Christmas in Northern Vanuatu, Day 2: The ship has landed in Luganville!

Tuesday, December 19th, 2017

I awoke from my outdoor hammock-on-the-ground bed around 6am, after a pretty decent 8-hour slumber. I was very impressed. As I said before, I think making this journey with company makes it far more bearable as you can share in the weirdness of sleeping with a stranger three inches away from your elbow and another one two inches away from your head.

I was awake around 6am, and Annalisa and Frances had already been up for a bit, somewhat jolted awake earlier by the sounds of projectile vomiting in the early hours. Neither of them looked, as who really would want to see such a thing, but Frances hoped it was projectile enough to go far away from the ship should that person have chosen to forgo the plastic bag policy and just lean over the edge of the ship.

Frances and Annalisa went down to the middle level to get some hot water, which was served to them by the plainclothes safety presentation woman, who reiterated to Frances that she was “just another passenger.” Does this mean she really does not work on the ship? Can you get a discount if you volunteer for the ship? Is this some sort of reward for being a frequent ferry-rider? I had so many questions.

We enjoyed some instant coffee and crackers for breakfast to the tunes of reggaeton played off of some random passenger’s boombox as the sun beamed on us and over the bright blue seas.

Touching land in Luganville with our new school-aged buddy.

After befriending some adorable school-aged girls on the ship who spoke perfect English, it was nearing lunch time and time to hit land in Luganville after nearly 20 hours on the ferry.

Taxis in Luganville are much cheaper than buses, so unlike Vila, where you take 150 vatu buses everywhere, here the preferred travel is via taxi, which is a flat rate of 200 vatu no matter the destination or number of passengers.

Downtown Luganville

Another difference between Port Vila and Luganville is the orientation of “town.” In Vila, it is more like a traditional city with several (unmarked) roads and a grid of potential stores, businesses and restaurants. Here in Luganville, it is one large downtown road, the one road with every main restaurant, every main store, and every main business.

Ah, burgers.

We went straight to Natangura Cafe on the main strip, a favorite of our Santo PCVs. We settled down at a table outside on the patio, with a spinning “fly fan” set on our table to wave away potential pests. Annalisa ordered a vegetarian sandwich (700vt) with a fried egg, which here is called a “burger” because Australian influence dictates that anything served on a bun should be called a burger instead of a sandwich because they’re a bunch of weirdos. I got a juicy cheeseburger (800) and a “spider” (300vt) which is what Aussies call ice cream floats, because again, weirdos. Frances, however, was the winner of us all, getting the lunch special (1000vt) which was pineapple chicken fried rice served inside a hollowed-out pineapple shell topped with a fried egg, and accompanied by a buttered pasta, fried sweet potato, a croquette and a small salad.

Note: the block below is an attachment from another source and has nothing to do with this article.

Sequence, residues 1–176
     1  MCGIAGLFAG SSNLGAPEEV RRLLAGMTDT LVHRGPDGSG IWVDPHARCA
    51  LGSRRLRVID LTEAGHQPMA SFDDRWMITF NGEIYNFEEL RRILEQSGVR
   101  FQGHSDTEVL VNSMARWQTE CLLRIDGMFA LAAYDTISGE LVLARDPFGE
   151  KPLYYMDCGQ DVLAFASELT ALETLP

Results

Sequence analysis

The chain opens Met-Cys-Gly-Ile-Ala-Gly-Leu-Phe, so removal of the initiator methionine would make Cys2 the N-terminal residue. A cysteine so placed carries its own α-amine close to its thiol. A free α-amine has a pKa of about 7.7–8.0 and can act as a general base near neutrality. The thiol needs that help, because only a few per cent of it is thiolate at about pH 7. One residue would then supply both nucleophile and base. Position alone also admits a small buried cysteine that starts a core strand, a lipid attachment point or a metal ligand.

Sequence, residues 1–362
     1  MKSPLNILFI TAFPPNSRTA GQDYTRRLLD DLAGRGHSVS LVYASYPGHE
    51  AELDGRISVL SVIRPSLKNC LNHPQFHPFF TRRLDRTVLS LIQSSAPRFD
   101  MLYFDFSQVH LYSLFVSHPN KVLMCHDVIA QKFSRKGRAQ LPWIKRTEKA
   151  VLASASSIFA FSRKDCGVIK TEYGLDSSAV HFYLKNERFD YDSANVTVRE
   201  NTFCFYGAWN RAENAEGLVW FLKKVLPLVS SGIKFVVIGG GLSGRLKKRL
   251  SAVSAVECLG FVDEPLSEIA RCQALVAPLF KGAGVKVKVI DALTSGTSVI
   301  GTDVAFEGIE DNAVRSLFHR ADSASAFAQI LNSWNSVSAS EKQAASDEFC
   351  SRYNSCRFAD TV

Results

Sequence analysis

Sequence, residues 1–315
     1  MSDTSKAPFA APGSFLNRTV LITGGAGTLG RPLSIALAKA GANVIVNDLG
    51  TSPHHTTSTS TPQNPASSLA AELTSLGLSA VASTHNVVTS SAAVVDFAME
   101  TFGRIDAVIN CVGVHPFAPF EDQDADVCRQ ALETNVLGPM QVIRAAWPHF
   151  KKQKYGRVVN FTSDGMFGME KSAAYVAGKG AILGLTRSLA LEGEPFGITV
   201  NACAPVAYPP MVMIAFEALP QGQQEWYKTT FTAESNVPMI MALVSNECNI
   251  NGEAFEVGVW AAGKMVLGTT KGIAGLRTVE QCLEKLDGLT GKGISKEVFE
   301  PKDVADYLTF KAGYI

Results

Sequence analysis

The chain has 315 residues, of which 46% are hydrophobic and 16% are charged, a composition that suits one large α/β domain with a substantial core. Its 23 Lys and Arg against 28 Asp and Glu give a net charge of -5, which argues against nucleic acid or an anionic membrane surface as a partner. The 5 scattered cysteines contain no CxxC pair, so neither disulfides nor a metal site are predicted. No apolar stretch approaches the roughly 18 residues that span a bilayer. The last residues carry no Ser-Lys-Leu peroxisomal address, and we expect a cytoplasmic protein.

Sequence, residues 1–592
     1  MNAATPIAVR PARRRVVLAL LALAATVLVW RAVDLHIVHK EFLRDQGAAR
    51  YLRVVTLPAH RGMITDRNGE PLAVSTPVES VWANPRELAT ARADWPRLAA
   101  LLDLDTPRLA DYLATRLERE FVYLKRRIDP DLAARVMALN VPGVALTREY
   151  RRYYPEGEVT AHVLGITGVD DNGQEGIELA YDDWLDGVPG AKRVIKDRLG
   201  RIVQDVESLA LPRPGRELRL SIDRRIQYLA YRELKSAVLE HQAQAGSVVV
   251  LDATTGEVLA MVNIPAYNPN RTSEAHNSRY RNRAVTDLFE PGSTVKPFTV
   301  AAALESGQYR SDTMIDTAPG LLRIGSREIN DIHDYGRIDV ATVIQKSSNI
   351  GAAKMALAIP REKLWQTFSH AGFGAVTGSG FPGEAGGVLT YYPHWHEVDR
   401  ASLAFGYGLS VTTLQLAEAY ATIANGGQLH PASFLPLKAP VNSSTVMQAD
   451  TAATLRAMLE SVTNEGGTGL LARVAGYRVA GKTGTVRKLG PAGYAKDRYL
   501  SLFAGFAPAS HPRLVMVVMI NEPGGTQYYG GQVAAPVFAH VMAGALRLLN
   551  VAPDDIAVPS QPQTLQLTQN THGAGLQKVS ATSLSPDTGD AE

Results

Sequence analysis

Eve joined us for a drink, and then we headed off to the grocery store, LCM (in Vila, it’s all Au Bon Marche, here it’s LCM), to stock up on groceries, which are slightly more expensive than prices we’re accustomed to in Vila (450 vatu for one bag of chips!).

We headed back to Eve’s house, which is located on her school grounds and quite modern and large compared to our houses. In addition to two full bedrooms, one of which has a queen bed and one of which has a bunk bed, her house has a large indoor kitchen, wash basins with running water for laundry and a large living room/dining area, a bathroom with a bathtub/shower and sink, a bathroom with a flush toilet, and a covered outdoor back patio, most of which are decorated with literary murals ranging from Maya Angelou poetry to scenes from Alice in Wonderland to maps of Middle Earth, all completed by the previous PCV who lived here. Eve also has (cold) running water, electric power with outlets, a refrigerator, and a more westernized structure of a house (no gap between the walls and roof, concrete floors, etc). Running in and out of the house were her three cats, two adults and one baby kitten, who were at first terrified of us, but seemed to warm up eventually. Except the kitten. He is still terrified of us (and Eve, for that matter).

Burrito time!

We each took some luxurious running water showers in her bathtub, and then enjoyed some homemade bean burritos while sitting on the straw mat in her spacious living room. After catching up, we were exhausted and went to bed.